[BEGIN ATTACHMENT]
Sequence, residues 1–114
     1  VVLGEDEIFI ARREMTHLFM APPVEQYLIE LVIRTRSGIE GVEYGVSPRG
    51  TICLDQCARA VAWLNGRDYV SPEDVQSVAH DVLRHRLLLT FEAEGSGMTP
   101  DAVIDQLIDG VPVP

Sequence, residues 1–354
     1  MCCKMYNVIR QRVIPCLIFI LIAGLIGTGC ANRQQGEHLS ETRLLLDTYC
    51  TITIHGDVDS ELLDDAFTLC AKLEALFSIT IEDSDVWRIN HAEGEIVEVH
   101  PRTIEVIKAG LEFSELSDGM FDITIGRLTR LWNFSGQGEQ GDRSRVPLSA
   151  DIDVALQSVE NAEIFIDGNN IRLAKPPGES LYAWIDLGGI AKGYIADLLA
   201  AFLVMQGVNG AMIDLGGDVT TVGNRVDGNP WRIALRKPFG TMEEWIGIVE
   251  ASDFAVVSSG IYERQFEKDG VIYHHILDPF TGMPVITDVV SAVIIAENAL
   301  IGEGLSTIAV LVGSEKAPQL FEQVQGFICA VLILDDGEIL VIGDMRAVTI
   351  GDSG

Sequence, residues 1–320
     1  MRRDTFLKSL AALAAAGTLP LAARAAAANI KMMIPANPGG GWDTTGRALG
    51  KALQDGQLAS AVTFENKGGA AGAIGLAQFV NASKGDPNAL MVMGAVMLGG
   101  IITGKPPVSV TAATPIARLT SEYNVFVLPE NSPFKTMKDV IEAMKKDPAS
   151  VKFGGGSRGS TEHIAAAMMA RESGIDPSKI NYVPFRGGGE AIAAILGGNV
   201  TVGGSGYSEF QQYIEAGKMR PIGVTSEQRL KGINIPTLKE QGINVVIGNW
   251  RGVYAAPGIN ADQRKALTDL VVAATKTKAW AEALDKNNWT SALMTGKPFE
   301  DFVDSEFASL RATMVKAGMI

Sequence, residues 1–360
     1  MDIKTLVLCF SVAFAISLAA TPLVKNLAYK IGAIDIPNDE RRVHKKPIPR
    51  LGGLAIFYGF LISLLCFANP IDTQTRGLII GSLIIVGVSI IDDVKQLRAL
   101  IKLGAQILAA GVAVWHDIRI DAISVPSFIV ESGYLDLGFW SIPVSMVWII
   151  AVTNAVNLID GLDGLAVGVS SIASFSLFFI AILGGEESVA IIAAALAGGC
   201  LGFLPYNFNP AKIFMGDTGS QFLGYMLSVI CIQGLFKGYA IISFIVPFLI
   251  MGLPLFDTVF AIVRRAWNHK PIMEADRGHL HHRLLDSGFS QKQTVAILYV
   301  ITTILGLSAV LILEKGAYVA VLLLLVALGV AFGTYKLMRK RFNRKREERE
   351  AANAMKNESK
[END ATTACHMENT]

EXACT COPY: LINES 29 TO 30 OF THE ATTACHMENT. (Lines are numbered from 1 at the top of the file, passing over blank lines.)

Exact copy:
   301  ITTILGLSAV LILEKGAYVA VLLLLVALGV AFGTYKLMRK RFNRKREERE
   351  AANAMKNESK